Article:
Here are some practice problems for writing K_{sp} expressions. Write the chemical equation showing how the substance dissociates and write the K_{sp} expression:
PART 1:
1) AlPO_{4}
2) BaSO_{4}
3) CdS
4) Cu_{3}(PO_{4})_{2}
5) CuSCN
6) Hg_{2}Br_{2}
7) AgCN
8) Zn_{3}(AsO_{4})_{2}
9) Mn(IO_{3})_{2}
10) PbBr_{2}
11) SrCO_{3}
12) Bi_{2}S_{3}
ANSWERS
Dissociation Equation K_{sp} expression AlPO_{4} <===> Al^{3+} (aq) + PO_{4}^{3}¯ (aq) K_{sp} = [Al^{3+}] [PO_{4}^{3}¯] BaSO_{4} <===> Ba^{2+} (aq) + SO_{4}^{2}¯ (aq) K_{sp} = [Ba^{2+}] [SO_{4}^{2}¯] CdS <===> Cd^{2+} (aq) + S^{2}¯ (aq) K_{sp} = [Cd^{2+}] [S^{2}¯] Cu_{3}(PO_{4})_{2} <===> 3 Cu^{2+} (aq) + 2 PO_{4}^{3}¯ (aq) K_{sp} = [Cu^{2+}]^{3} [PO_{4}^{3}¯]^{2} CuSCN <===> Cu^{+} (aq) + SCN¯ (aq) K_{sp} = [Cu^{+}] [SCN¯] Hg_{2}Br_{2} <===> Hg_{2}^{2+} (aq) + 2 Br¯ (aq) K_{sp} = [Hg_{2}^{2+}] [Br¯]^{2} AgCN <===> Ag^{+} (aq) + CN¯ (aq) K_{sp} = [Ag^{+}] [CN¯] Zn_{3}(AsO_{4})_{2} <===> 3 Zn^{2+} (aq) + 2 AsO_{4}^{3}¯ (aq) K_{sp} = [Zn^{2+}]^{3} [AsO_{4}^{3}¯]^{2} Mn(IO_{3})_{2} <===> Mn^{2+} (aq) + 2 IO_{3}¯ (aq) K_{sp} = [Mn^{2+}] [IO_{3}¯]^{2} PbBr_{2} <===> Pb^{2+} (aq) + 2 Br¯ (aq) K_{sp} = [Pb^{2+}] [Br¯]^{2} SrCO_{3} <===> Sr^{2+} (aq) + CO_{3}^{2}¯ (aq) K_{sp} = [Sr^{2+}] [CO_{3}^{2}¯] Bi_{2}S_{3} <===> 2 Bi^{3+} (aq) + 3 S^{2}¯ (aq) K_{sp} = [Bi^{3+}]^{2} [S^{2}¯]^{3}
Calculate the molar solubility (in mol/L) of a saturated solution of the substance.Silver chloride, AgCl, has a K_{sp} = 1.77 x 10¯^{10}. Calculate its solubility in moles per liter.
The dissociation equation is as before:
AgCl (s) <===> Ag^{+} (aq) + Cl¯ (aq)
The K_{sp} expression is as before:
K_{sp} = [Ag^{+}] [Cl¯]
This is the equation we must solve. First we put in the K_{sp} value:
1.77 x 10¯^{10} = [Ag^{+}] [Cl¯]
Now, we have to reason out the values of the two guys on the right, First of all, I have no idea what the values are so I'll use unknowns. Like this:
I examine the chemical equation and see that there is a one-to-one ratio between Ag^{+} and Cl¯. I know this from the coefficients (both one) of the balanced equation.
That means that the concentrations of the two ions are EQUAL. I can use the same unknown to represent both. Like this:
[Ag^{+}] = x = [Cl¯]
Substituting, we get:
1.77 x 10¯^{10} = (x) (x)
Now, we take the square root of both sides. I hope I'm not too insulting when I emphasize both sides. I have had lots of people take the square root of the x^{2} side, but not the other. After the square root, we get:
x = 1.33 x 10¯^{5} M
This is the answer because there is a one-to-one relationship between the Ag^{+} dissolved and the AgCl it came from. So, the molar solubility of AgCl is 1.33 x 10¯^{5} moles per liter.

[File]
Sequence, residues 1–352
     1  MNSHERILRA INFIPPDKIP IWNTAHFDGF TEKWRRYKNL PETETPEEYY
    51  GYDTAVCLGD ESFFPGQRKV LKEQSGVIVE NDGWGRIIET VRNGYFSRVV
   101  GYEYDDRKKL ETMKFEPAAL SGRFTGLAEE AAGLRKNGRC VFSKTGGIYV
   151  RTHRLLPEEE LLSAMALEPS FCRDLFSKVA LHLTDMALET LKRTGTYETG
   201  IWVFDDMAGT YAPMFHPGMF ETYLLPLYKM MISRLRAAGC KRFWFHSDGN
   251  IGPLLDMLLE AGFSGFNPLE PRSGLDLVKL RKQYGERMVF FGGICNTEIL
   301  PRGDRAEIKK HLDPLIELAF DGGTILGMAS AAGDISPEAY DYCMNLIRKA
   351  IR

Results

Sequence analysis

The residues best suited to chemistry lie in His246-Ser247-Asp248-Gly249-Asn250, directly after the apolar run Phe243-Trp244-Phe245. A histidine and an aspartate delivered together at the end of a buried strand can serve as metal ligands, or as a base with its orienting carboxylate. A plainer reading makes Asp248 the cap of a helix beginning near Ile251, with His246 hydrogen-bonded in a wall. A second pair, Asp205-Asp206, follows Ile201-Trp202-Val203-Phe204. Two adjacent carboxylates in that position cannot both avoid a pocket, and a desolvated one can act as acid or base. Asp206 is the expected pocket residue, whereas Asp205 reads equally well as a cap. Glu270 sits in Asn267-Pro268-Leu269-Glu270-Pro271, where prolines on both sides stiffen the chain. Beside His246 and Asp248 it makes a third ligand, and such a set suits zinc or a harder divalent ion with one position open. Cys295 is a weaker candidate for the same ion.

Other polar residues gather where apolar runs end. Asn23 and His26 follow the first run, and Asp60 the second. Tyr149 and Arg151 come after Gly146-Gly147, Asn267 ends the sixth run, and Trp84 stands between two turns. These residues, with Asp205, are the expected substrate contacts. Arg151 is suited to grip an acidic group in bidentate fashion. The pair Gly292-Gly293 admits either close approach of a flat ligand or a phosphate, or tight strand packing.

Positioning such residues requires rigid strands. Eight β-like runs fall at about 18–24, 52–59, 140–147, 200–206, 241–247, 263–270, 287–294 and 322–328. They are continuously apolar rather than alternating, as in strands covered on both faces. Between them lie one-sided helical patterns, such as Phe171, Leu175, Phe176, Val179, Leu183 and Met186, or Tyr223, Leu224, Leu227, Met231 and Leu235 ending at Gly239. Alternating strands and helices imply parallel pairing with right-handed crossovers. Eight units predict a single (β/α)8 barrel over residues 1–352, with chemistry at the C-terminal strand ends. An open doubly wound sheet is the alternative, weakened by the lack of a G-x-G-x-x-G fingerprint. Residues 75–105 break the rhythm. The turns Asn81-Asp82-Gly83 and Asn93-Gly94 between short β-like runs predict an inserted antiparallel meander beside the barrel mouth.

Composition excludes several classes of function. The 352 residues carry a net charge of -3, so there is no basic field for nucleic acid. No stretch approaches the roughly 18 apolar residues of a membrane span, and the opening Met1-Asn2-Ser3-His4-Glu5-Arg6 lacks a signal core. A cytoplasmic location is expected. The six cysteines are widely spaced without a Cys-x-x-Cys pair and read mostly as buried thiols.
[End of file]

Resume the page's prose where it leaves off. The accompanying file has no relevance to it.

Calculate the molar solubility (in mol/L) of a saturated solution of the substance.However, there is additional explaining to do when compared to the AgCl example.
Here are the two substances:
Sn(OH)_{2} | K_{sp} = 5.45 x 10¯^{27} |
Ag_{2}CrO_{4} | K_{sp} = 1.12 x 10¯^{12} |
Tin(II) hydroxide
Here is the equation for dissociation:
Sn(OH)_{2} <:===> Sn^{2+} + 2 OH¯
and here is the K_{sp} expression:
K_{sp} = [Sn^{2+}] [OH¯]^{2}
So far, nothing out of the ordinary. However, that two in front of the hydroxide will come into play real soon.
The ratio between Sn^{2+} and OH¯ is one-to-two. That means that however much Sn^{2+} dissolves, we get DOUBLE that amount of OH¯. This is important, so go slow and think it through.
One Sn^{2+} makes two OH¯. That means that if 'x' Sn^{2+} dissolves, then '2x' of the OH¯ had to have dissolved.
We now write an equation:
5.45 x 10¯^{27} = (x) (2x)^{2}
So we have 4x^{3} = 5.45 x 10¯^{27}
and solving that, we get:
x = 1.11 x 10¯^{9} M = [Sn]
2 x = 2.22 x 10¯^{9} M = [OH]
Silver chromate
Here is the usual info:
Ag_{2}CrO_{4} <===> 2 Ag^{+} + CrO_{4}^{2}¯
K_{sp} = [Ag^{+}]^{2} [CrO_{4}^{2}¯] = 1.12 x 10¯^{12}
In this problem the cofficient of 2 is on the first ion, not the second. No problem!
1.12 x 10¯^{12} = (2x)^{2} (x)
We now have:
4x^{3} = 1.12 x 10¯^{12}
which is solved to give the answer:
x = 6.54 x 10¯^{5} M.
Calculate the molar solubility (in mol/L) of a saturated solution of the substance.
The two example substances are:
Bi_{2}S_{3} | K_{sp} = 1.82 x 10¯^{99} |
Cu_{3}(PO_{4})_{2} | K_{sp} = 1.93 x 10¯^{37} |
Bismuth sulfide
Bi_{2}S_{3} <===> 2 Bi^{3+} + 3 S^{2}¯
K_{sp} = [Bi^{3+}]^{2} [S^{2}¯]^{3}
1.82 x 10¯^{99} = (2x)^{2} (3x)^{3}
108x^{5} = 1.82 x 10¯^{99}
x = 7.00 x 10¯^{21} M
Note how 'x' still is the moles of the substance that dissolved.
Copper(II) phosphate
Cu_{3}(PO_{4})_{2} <===> 3 Cu^{2+} + 2 PO_{4}^{3}¯
K_{sp} = [Cu^{2+}]^{3} [PO_{4}^{3}¯]^{2}
1.93 x 10¯^{37} = (3x)^{3} (2x)^{2}
108x^{5} = 1.93 x 10¯^{37}
x = 1.78 x 10¯^{8} M
Calculating The Effect of a Common Ion on Solubility
Exercise 6: Using the Ksp value from Exercise
1 calculate the solubility of PbSO4 in 0.100 M
Na2SO4.
Let molar solubility of PbSO4 be x. Since x is very small compared to 0.100, 0.100 +x is very nearly equal to 0.100.
Ksp = [Pb^{2+}] [SO4^{2-}] = x ´ 0.100 = 1.96´ 10^{-8} Molar solubility of PbSO4 in 0.100 M Na2SO4 = 1.96´ 10^{-7} Molar solubility of PbSO4 in pure water = 1.40´10^{-4} Note the solubility is very much reduced in 0.100 M Na2SO_{4}because of the common ion effect. |